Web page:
Curated by Kathleen Motes Bennewitz
May 4-November 20, 2016
Tours: Wednesday-Sunday 12, 1, 2, & 3 p.m. ~ Admission: $10 for Adults, $8 for Seniors, and $6 for 8-18

A new multimedia exhibit with photographs, costumes, artifacts, and music will explore the fascinating and tumultuous decade of the 1960s. Demolish or Preserve: The 1960s at the Lockwood-Mathews Mansion, curated by Kathleen Motes Bennewitz will open on May 4, 2016 and run through Nov. 20, 2016. 

It is impossible to remember the 1960s without thinking of Neil Armstrong and Buzz Aldrin landing on the moon, the Beatles arriving in the United States, the Civil Rights Movement, the Vietnam War and—most hauntingly—the assassinations of John F. Kennedy and Martin Luther King. Against this backdrop of turbulent cultural change and social unrest, was the nation’s modern urban planning, which included the demolition of historic neighborhoods and irreplaceable buildings. 

This exhibition will explore the fascinating and ground-breaking decade of the 1960s and the Mansion’s connections to the revolutionary preservation battles and new landmark statutes of the era. It will also honor the museum’s 50th Anniversary as it celebrates the bands of locals, led by the Junior League of Norwalk and Stamford and the Common Interest Group, who fought to save the Mansion and secure its status as a National Historic Landmark in 1971.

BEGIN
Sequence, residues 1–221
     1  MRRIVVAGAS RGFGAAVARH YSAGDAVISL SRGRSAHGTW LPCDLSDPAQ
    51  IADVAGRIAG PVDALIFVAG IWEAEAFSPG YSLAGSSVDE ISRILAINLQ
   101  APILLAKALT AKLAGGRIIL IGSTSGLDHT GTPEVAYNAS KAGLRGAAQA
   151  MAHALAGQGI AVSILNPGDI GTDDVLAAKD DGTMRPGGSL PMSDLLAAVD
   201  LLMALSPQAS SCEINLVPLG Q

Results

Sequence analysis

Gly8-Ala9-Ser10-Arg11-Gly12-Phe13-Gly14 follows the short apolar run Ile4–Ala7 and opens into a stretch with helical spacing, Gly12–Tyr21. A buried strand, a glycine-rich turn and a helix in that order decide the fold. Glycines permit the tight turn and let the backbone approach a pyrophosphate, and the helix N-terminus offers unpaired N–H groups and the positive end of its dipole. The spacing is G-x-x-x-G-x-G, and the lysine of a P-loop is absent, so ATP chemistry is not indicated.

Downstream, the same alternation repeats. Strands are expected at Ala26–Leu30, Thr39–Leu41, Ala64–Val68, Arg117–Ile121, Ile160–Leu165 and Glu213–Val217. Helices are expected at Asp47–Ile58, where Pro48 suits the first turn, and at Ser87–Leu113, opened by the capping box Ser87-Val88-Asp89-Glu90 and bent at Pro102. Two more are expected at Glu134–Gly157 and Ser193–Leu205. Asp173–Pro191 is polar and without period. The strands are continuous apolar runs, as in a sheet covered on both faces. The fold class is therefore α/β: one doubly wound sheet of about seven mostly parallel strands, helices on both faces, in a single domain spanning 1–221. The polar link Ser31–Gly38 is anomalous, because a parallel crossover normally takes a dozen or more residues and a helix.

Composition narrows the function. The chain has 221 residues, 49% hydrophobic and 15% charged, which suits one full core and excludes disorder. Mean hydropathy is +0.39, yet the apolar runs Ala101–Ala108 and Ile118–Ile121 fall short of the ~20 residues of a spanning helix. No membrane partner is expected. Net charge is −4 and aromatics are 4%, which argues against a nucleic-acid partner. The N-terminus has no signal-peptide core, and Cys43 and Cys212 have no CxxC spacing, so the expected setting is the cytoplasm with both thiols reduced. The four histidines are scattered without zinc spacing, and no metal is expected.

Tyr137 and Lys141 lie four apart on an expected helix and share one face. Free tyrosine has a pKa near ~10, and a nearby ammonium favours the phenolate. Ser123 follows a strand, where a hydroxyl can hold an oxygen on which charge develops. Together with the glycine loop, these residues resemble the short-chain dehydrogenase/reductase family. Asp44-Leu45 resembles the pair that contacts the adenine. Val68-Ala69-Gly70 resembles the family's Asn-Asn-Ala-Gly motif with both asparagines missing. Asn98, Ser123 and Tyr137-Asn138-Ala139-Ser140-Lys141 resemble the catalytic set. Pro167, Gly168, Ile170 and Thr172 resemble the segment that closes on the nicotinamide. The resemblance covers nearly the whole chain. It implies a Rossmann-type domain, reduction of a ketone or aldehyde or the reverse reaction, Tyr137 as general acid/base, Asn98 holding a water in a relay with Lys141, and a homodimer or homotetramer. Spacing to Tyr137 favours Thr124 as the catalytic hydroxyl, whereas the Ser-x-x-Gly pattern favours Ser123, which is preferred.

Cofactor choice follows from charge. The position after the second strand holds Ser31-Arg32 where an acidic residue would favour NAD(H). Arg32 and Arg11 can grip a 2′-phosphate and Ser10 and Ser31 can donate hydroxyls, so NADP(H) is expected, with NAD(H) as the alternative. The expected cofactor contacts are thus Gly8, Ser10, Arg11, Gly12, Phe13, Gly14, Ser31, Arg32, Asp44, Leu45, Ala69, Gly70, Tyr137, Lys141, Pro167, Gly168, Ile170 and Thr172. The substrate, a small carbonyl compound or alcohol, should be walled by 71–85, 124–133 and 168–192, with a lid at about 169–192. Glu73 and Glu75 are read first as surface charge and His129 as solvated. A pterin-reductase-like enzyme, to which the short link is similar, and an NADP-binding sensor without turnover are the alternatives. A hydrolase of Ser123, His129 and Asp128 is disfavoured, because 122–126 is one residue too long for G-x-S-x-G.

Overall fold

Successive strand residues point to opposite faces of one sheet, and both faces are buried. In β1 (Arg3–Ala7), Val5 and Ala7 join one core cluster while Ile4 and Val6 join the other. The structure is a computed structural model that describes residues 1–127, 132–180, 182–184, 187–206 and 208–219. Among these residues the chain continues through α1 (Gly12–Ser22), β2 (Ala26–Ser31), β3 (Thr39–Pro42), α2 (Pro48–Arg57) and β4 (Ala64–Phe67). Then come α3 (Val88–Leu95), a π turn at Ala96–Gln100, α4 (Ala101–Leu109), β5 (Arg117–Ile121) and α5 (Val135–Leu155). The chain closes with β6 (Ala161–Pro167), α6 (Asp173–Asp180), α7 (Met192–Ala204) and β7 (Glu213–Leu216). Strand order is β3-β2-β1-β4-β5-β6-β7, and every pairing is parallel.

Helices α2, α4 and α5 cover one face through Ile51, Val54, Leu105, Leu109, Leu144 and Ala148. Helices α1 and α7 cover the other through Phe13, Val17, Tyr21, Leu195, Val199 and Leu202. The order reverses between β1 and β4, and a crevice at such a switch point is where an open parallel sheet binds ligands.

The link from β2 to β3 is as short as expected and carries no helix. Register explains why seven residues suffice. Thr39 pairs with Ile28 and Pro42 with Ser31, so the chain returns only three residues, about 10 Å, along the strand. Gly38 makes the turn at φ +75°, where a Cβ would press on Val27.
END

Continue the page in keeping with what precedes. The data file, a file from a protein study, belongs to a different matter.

“I am truly thankful to all of those individuals who took on the challenge of saving the Mansion from demolition,” said Chairman of the Board Pasty Brescia. “We would not be able to celebrate the museum’s 50th Anniversary, if it weren’t for their exceptional foresight and brave stance on preserving this architectural treasure.” 

With Europe's ongoing legacy of artistic and historic preservation and reuse as a model, in the 1960s concerned citizens brought national attention to the need for saving from demolition historically and architecturally significant structures in America. Jackie Kennedy, using her stature and influence, restored the White House's historic interiors; and just as the grand mansions of Fifth Avenue and Newport were slated for demolition, here in Norwalk LeGrand Lockwood’s Civil War era palatial residence was faced with a similar fate. Recognizing that the demolition of this structure would be a great loss to the city, state, and nation, concerned citizens galvanized to save the mansion in one the most important and hard fought preservation battles in Connecticut’s history.